Our nation’s drunkest entertainment awards show, the Golden Globes, took place Sunday night; the Hollywood Foreign Press Association — several members of which are neither foreign nor members of the press — entertains the world with awards for the best television shows and movies of the past year.
Richard Linklater’s “Boyhood” — an ambitious, decade-spanning film about the changes that happen to a young Texan as he grows into a slightly older Texan — won best drama motion picture. Wes Anderson’s “The Grand Budapest Hotel” — an ambitious, decades-spanning film about the changes that happen to the Grand Budapest Hotel — took home the award for best musical or comedy.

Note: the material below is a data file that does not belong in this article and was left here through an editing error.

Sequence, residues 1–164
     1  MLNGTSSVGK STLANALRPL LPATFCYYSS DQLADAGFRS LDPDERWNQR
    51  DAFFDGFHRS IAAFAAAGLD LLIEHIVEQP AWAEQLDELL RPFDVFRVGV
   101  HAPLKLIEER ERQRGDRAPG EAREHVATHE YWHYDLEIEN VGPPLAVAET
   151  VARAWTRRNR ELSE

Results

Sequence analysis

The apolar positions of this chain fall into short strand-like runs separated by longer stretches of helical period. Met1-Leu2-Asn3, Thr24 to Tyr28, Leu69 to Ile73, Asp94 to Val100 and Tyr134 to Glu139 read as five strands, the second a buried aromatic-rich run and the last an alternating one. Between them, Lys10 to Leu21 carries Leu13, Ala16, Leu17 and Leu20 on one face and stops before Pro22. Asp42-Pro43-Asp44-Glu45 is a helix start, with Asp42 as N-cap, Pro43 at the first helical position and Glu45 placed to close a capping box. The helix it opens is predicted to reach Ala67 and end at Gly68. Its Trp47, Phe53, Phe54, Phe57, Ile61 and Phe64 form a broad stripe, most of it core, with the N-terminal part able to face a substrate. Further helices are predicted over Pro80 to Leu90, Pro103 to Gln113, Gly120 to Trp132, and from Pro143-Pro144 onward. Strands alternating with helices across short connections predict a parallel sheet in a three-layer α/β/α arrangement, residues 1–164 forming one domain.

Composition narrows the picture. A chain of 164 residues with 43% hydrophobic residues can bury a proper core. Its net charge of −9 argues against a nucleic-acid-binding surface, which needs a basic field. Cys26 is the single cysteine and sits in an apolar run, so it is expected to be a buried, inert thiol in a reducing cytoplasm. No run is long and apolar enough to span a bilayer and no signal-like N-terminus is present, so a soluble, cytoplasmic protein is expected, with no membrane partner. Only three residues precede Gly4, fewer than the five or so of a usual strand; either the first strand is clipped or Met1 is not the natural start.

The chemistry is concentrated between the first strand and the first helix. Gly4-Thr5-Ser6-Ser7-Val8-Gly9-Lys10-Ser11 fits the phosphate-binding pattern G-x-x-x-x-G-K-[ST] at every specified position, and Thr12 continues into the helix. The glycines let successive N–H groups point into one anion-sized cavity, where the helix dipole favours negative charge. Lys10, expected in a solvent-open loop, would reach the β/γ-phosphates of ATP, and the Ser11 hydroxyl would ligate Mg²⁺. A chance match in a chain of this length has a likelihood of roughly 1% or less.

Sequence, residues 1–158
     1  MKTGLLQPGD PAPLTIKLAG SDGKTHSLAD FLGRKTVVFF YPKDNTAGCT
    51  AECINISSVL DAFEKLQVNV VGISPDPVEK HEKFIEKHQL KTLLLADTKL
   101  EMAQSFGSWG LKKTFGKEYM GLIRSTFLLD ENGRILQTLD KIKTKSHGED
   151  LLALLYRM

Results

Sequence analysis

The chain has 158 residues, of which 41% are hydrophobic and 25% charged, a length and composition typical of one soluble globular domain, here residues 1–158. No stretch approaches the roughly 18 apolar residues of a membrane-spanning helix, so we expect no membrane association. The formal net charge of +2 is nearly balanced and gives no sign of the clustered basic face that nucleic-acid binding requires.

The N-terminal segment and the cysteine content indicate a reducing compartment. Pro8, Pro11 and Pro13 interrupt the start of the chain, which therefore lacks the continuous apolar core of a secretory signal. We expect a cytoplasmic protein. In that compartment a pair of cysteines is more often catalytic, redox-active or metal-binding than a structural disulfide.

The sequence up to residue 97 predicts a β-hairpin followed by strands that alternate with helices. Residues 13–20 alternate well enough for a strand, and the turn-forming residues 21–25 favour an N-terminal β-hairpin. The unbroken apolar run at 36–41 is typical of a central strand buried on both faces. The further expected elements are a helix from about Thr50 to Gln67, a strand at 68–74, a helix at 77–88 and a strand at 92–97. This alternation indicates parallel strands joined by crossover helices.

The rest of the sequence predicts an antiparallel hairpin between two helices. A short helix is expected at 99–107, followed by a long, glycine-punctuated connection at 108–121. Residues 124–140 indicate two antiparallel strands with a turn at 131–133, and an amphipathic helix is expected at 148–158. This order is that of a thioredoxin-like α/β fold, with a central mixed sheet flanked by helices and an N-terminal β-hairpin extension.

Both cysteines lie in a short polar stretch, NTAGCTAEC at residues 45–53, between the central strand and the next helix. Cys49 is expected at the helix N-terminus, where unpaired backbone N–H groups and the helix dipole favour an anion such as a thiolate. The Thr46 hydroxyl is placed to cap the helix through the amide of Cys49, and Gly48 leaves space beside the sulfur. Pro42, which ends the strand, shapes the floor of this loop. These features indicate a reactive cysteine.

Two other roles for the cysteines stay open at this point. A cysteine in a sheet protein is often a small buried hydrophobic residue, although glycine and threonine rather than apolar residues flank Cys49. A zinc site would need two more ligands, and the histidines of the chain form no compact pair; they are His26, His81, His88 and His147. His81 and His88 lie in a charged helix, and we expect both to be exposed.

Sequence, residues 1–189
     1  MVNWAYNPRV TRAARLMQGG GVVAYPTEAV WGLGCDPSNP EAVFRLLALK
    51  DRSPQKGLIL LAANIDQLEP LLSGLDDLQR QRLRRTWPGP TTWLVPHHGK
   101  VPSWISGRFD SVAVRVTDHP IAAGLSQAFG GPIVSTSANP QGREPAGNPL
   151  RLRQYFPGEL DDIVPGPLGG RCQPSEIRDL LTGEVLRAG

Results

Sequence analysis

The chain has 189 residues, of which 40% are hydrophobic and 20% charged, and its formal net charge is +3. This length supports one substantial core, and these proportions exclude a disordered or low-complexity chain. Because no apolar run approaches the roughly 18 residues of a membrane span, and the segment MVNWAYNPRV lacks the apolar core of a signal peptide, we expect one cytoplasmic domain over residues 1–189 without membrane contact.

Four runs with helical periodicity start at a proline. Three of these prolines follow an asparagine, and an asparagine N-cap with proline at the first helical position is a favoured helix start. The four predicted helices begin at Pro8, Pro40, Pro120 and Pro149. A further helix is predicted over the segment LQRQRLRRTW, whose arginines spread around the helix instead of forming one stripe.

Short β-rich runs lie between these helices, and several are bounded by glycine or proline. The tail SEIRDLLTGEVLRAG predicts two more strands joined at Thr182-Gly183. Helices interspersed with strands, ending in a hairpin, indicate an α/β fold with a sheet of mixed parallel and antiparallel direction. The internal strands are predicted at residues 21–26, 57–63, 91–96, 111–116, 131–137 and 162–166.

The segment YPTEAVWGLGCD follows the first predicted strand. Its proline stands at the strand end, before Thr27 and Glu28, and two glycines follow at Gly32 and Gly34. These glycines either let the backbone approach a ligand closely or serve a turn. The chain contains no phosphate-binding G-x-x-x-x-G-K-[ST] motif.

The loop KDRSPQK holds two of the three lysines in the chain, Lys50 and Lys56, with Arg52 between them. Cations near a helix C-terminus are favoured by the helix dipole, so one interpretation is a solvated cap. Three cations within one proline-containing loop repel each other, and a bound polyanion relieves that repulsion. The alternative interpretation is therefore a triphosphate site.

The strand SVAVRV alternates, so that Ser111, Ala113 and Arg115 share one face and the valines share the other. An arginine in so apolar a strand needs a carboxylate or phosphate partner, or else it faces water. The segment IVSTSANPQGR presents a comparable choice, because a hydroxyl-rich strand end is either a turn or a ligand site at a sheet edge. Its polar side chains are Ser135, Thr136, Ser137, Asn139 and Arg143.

So, after an evening of jokes from two of America’s finest comedians, the main thing of interest is what the Globes’ results mean for the film awards show that actually matters, the Academy Awards. The answer? Not much!
In 2013, my colleague Nate Silver analyzed the track records of various award shows in predicting the Oscar for best picture. Here’s how that came out:
The Golden Globes rank sixth, with a 48 percent win rate as of 2013; the Director’s Guild of America Awards was the most highly correlated with best picture success. Factoring in the past two years — with “Argo” and “12 Years a Slave” winning both the Globe and the Oscar — the success rate for Golden Globe drama winners stands at about 49 percent.
So, about even odds. If you really want insight, keep an eye on the DGA Awards on Feb. 7. Despite going for “Gravity” last year, they’re still the best game in town.